I don’t think anything that is creative can be taught. But I think Kites might prove to be successful in accessing peoples mind and heart. An honest space is the source of all creativity. Kites is honest when it comes to every single frame we’ve shot, every single aspect of its making, every single twich, etc.
You debut as a singer in Kites too.
Yes, I have tried. When my director Mr. Anurag Basu told me to sing in the film, we all sat and thought that we were stuck. I mean, we thought that if my character sings, it had to be my voice. You can’t fake that. So, I went through two weeks of training and that’s all they gave me (laughs).
Is the writer a better of his film or the director or both?
Wow! I always feel that it is the brain that gives birth to the germ. If it’s the writer’s conception and if it’s coming from that heart, he can convince me or anybody. It usually seems to be that the person who writes is the best person to express it. Fortunately for us, Anurag Basu is the writer and the director of Kites. So far in my life, whoever I’ve worked with, it seems that makes the best combination.
How tight is the screenplay of Kites?
I don’t believe in such words. They are manipulative. If a scene requires a certain pace, then that’s the pace. If the scene requires a certain sensibility, so be it. The audiences liking it or not isn’t the question. The story you’re expressing has to be expressed in complete sanctity. I don’t think there is any right kind of filmmaking. You have to be convinced, inspired and enjoy what you’re trying to do.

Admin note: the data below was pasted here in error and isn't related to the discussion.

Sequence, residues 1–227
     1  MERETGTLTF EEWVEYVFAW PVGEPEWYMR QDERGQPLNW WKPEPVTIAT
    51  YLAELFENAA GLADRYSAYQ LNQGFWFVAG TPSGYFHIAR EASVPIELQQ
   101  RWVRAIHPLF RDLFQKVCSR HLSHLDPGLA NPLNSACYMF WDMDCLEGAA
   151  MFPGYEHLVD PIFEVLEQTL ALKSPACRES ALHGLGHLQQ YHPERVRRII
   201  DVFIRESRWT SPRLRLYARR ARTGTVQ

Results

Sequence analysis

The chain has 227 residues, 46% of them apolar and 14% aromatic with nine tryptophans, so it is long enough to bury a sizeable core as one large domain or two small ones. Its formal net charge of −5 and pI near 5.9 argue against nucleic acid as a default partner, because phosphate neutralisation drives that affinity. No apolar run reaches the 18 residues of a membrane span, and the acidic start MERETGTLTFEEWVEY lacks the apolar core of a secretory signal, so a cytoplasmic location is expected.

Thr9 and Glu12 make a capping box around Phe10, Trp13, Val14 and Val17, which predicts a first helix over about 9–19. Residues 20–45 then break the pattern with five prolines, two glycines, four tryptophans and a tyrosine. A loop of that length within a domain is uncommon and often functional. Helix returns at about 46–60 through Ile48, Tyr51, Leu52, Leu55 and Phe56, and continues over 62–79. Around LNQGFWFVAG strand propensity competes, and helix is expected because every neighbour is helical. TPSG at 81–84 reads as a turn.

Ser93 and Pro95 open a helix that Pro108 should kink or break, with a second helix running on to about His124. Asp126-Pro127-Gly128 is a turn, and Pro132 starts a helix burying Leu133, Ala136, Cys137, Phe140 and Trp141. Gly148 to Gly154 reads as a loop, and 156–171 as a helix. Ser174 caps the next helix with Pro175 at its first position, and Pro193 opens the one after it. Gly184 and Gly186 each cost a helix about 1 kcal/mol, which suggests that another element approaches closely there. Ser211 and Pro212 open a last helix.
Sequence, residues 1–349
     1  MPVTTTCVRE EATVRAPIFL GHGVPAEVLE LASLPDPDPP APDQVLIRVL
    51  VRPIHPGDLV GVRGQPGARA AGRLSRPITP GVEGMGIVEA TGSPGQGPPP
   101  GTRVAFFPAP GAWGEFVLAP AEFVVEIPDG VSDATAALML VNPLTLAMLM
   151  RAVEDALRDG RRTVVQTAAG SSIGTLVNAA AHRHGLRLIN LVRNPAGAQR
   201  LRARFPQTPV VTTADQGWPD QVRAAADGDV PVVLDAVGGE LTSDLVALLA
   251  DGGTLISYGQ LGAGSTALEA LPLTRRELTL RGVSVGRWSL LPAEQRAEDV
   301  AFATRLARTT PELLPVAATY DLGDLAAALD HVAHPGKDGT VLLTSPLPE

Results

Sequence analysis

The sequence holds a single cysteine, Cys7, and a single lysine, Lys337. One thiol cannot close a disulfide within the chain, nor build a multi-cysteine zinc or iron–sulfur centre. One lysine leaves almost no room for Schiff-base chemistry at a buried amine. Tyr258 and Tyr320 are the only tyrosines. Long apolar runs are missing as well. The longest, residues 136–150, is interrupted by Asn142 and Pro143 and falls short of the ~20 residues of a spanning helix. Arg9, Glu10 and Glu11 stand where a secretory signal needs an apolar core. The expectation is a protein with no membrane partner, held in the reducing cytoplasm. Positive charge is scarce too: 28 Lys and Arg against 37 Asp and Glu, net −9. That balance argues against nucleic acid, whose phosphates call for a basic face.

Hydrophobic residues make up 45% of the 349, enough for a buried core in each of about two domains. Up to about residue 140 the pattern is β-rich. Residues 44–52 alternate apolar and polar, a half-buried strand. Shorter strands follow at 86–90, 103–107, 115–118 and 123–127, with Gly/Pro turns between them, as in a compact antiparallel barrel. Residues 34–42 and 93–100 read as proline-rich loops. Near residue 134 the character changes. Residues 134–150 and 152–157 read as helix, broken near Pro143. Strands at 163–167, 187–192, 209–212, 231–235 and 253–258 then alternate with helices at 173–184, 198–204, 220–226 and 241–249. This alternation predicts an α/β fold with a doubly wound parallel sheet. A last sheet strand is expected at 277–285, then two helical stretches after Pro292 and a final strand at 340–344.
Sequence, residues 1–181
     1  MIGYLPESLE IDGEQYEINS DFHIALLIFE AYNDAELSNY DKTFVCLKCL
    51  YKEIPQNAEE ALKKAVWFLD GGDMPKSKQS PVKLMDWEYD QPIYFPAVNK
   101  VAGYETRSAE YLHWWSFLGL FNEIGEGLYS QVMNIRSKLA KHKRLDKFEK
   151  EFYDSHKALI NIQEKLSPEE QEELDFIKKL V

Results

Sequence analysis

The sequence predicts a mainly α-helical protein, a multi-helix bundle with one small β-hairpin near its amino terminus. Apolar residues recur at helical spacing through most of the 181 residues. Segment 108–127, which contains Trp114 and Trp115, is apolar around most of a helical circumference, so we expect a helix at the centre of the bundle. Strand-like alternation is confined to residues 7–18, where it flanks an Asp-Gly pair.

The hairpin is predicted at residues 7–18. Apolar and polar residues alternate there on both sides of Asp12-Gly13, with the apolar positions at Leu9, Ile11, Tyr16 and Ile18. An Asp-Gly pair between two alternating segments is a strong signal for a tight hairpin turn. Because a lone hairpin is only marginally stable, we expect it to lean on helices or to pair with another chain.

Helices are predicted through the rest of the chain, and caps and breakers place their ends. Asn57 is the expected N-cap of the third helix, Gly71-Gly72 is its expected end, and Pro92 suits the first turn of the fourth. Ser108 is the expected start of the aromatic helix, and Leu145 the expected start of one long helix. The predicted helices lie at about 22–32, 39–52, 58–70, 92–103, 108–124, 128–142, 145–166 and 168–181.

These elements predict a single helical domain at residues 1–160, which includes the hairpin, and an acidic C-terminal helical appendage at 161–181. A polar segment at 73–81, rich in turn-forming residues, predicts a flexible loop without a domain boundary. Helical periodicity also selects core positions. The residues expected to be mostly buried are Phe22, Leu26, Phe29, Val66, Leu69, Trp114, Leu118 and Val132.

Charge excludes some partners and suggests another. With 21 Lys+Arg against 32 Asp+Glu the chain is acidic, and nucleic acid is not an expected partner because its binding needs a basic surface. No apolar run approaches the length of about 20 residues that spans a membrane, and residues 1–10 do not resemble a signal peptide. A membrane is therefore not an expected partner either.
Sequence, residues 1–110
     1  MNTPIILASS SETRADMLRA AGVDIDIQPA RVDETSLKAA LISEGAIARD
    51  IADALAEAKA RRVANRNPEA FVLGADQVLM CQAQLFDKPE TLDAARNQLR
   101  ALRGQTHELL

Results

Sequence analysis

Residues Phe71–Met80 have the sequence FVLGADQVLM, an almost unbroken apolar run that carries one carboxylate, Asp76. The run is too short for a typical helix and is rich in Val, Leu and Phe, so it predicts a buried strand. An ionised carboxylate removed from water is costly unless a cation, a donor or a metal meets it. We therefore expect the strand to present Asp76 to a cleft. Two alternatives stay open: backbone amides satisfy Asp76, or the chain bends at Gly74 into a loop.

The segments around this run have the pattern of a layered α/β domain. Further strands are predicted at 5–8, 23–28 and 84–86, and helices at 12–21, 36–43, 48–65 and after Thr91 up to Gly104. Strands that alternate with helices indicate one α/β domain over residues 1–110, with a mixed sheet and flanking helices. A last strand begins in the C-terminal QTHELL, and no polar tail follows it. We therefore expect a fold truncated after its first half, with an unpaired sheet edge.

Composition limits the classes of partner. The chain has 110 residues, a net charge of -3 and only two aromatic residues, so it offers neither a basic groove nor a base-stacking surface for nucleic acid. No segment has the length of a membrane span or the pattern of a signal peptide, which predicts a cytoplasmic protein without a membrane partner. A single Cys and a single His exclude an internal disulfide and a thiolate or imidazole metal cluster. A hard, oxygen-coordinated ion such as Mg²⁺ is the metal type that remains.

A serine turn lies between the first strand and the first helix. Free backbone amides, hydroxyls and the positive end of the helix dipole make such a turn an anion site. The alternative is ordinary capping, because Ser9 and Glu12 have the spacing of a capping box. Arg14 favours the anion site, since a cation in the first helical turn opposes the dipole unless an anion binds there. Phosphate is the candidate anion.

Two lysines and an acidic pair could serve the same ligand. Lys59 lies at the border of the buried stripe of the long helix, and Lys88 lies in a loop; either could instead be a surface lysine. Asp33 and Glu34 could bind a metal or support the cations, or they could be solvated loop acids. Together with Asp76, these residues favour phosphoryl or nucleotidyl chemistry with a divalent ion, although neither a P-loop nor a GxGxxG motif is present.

How objective and critical do you get when it comes down to playing your characters?
Up until Kites, everything I did was very well graphed out and calculated. Kites was all about unlearning that. Kites needed a space where you just felt like you were seeing that moment happening for the first time. To achieve that, I had to let go of all my past conditioning as an actor. My approach to my art completely took an extremist kind of a shift and that got pushed even more because of my co-actor in the film Barbara Mori. I was very influenced by her. We Indians are very happy in a small pond of acting but the people from the West with whom I’ve worked in the film live in a vast ocean. I let go and dived into the ocean. I never saw the reproduction of my takes in the video assist. I never wanted that safety net. I instructed everyone around me that if anyone saw me sneaking a peek, they had to stop me. That was me being critical.
I never saw the reproduction of my takes in the video assist. I never wanted that safety net.
Did you ever land up in a debate over Kites with your father and uncle (producer and music director of Kites)?
At every juncture. Every single decision was either agreed instantly or discussed and argued out. It was about the process of convincing each other about the better thought. There was the fourth head too, my director Anurag Basu. I cherish all arguments we had. We work without egos. It’s not ‘my thought’ or ‘your thought’. The moment one person was able to convince the others; it was readily accepted and celebrated without one feeling lesser of himself that his thought was not the successful one.
Watch this space to read Part 2 of Hrithik Roshan’s interview